7 Things ALL Protagonists Need In Your Story

Wednesday 19 December 2018

Today's Guest Post is ALL about the 7 things you need to consider when writing a protagonist that CAPTURES the audience! No matter what their world is or the rules that govern it, the audience is always taken on a journey through the eyes of your protagonist. They don't always have to be likeable, but their decisions and character do have to be BELIEVABLE! 

With the seven examples following, we have also included their scripts for you to read (all scripts have been sourced from the amazing Script Slug) - so without further ado, I'll hand over to Merlin who has rounded up these 7 key points to take note of!

1. Be Interesting
Your protagonist needs to be interesting. 

If you do this, the audience will want to see what happens to them. They’ll want to see how they tackle obstacles and follow their story.

To do this, make them relatable. We won’t invest in someone too different from ourselves. Otherwise, how could their journey teach us anything. 

At the most basic level, we all need the same things: food, safety, sleep etc. Show your protagonist yawning as they wake, eating breakfast or bored at work.

To generate interest in your protagonist, make them relatable.

2. Want Two Things
Your protagonist should want two things. Or more specifically, want one thing but need another. 

Luke Skywalker wants adventure but needs family.

Their wants and needs are intertwined with the suspense and emotional plots. In thrillers, suspense plots dominate e.g. find the killer. In others, such as Little Miss Sunshine, it’s less important to know the outcome (does Olive win) but whether the emotional outcome is satisfied (can the family support each other).

At the end, we have to know if they’ve gotten their want or need. In Chinatown, Gettes solves the mystery but loses both women.

Make sure your protagonist wants something and needs something.

3. Have a Superpower
We’ve now got a protagonist with two goals that’s interesting. What they need now is a superpower.

In superhero stories, the simplest are an exaggeration of athletic abilities e.g. fighting, running fast.

However, even if you’re not writing that type of story - you still need something they’re better at than everyone else. 

In Bodyguard, David Budd is an expert at keeping people safe. But it doesn’t have to be physical. In A Beautiful Mind, John Nash is a brilliant but asocial mathematician.

We like to watch people being good at something. If the hero can use their expertise to solve a problem, it gives us belief that we can solve our own.

Show your protagonist being good at something.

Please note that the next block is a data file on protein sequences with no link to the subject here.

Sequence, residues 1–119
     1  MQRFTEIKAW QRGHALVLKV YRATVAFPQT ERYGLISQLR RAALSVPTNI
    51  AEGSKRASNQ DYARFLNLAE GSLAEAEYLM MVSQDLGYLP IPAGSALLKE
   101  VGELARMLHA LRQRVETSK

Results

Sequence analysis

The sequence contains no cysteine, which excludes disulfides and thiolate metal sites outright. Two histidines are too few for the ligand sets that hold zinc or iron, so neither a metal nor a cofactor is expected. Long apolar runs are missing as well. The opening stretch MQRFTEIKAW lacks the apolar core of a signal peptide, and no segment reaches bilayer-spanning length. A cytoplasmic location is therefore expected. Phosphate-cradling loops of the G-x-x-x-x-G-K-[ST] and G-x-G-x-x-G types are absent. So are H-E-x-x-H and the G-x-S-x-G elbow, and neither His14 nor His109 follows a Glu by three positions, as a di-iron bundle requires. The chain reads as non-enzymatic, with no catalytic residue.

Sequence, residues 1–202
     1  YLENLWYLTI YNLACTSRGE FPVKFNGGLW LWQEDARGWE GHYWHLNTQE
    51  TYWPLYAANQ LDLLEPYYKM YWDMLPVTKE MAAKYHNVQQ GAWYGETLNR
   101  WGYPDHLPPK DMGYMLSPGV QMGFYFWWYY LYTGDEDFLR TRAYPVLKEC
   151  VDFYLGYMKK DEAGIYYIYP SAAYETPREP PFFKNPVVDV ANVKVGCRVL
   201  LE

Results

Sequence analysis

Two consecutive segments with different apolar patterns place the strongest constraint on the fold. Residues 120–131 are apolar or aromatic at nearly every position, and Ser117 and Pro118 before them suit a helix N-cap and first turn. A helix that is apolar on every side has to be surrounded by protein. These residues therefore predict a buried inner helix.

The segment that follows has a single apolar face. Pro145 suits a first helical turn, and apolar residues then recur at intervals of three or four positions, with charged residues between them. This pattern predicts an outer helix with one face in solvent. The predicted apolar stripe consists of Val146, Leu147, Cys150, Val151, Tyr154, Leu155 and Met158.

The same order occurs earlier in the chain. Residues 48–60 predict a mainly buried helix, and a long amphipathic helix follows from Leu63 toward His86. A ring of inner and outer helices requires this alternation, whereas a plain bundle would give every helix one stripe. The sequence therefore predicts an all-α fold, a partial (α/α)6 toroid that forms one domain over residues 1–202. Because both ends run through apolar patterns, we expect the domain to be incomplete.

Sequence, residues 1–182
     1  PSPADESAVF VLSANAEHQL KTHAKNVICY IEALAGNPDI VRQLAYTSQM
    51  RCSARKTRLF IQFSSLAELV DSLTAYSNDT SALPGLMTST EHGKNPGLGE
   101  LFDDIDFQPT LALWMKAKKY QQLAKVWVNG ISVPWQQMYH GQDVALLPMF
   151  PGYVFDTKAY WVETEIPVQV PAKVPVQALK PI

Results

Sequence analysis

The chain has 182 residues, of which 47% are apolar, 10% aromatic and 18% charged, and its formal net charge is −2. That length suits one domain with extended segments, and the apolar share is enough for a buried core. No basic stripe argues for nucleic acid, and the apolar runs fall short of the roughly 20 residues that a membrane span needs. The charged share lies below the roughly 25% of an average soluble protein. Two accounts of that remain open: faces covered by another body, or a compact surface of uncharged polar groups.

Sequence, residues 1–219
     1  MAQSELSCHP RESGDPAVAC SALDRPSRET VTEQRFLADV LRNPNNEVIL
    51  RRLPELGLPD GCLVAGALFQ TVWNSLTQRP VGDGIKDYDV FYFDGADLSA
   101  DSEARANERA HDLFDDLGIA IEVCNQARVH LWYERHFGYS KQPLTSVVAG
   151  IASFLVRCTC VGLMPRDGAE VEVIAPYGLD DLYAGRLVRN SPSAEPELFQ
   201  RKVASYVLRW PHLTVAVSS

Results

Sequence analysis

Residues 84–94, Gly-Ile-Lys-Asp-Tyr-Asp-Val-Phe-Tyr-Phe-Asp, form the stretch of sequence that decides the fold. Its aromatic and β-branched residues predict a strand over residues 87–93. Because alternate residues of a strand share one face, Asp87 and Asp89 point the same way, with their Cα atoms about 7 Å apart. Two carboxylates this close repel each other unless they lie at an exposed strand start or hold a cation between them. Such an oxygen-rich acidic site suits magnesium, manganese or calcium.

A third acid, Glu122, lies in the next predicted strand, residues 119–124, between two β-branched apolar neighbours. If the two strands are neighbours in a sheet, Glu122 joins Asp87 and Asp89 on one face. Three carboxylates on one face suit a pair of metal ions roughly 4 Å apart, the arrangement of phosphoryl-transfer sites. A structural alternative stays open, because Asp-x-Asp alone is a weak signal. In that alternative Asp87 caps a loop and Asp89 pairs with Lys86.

4. Exhibit Flaws
As well as watching your protagonist excel, we also need to see them fail. 

Some of their setbacks should be attributed to a flaw. In superhero movies, its usually a physical vulnerability e.g. Bruce Willis’s character is weakened by water in Unbreakable. In Bodyguard, David has post-traumatic stress disorder.

Their defect counterbalances their superpower, making them rounded. No one’s perfect. In Happy Valley, Catherine Cawood exclaims, “…I’m divorced, I live with my sister…I’ve two grown up children, one dead and one who doesn’t speak to me.”

Make your protagonist imperfect.

5. Lead The Action
Your relatable, flawed, talented protagonist is ready to chase their dream, unaware of what they really need. Now they need to do stuff. 

In Thelma and Louise, the pair go on a road trip. 

Barriers should block your protagonist’s progress, but they should try to overcome them. If they go with the flow we’ll start to lose interest.

Of course, for all rules, there are always exceptions. In Raiders of the Last Ark, if the actions of the Indiana Jones are removed, the outcome is unchanged - but the fact they don’t matter in the end doesn’t remove our enjoyment.

Ensure your protagonist decides where the story goes next.

6. Make Mistakes
Robin Sharma said there are no mistakes in life, only lessons.

If we’re honest with ourselves, we tend to repeat our mistakes. But our protagonist isn’t us, so we can have them break the cycle.

Since your protagonist is driving the action, they’re repeatedly making decisions. Ensure they don’t get each one right, whether through a bad choice, fate or deception.

Your protagonist might be like Superman, but even he makes mistakes e.g. damaging Metropolis in Batman v Superman: Dawn of Justice - by showing them make bad choices, we get to see how they handle with the repercussions.

Show your protagonist failing as they attempt to reach their goal.

7. Show Resilience
The final element needed to make your protagonist a rounded character is resilience. 

Your protagonist must always get to the end of the story. With or without getting they wanted or needed. In Die Hard, John McClane can barely stand but he reaches the top of the tower to face Hans Gruber.

By showing a never say die attitude we’re shown that we can overcome or own setbacks. We’ve followed them through their journey only to see them flat out on the canvas, unable to get up. 

But somehow, they do, for one final round.

Ensure your protagonist doesn’t give up.

You’ve now got the seven key elements to make your protagonist the best they can be.
 They’re someone we’re interested in, they’ve got something they want and another thing they need, they’re talented, imperfect, make choices that aren't always right, but they NEVER give up!

BIO: Merlin Goldman’s a writer specialising in thrillers, dramedy and science fiction. He’s had a short story published in Voices along the Road and a play, Firewall, performed at the Montreal Fringe Festival. Current writing projects include a detective novel, a play about a single mother and a science-fiction screenplay. As well as writing, he produces plays and short films. He can be found on Twitter (@mhgoldman) or the web (magnetical.com). 

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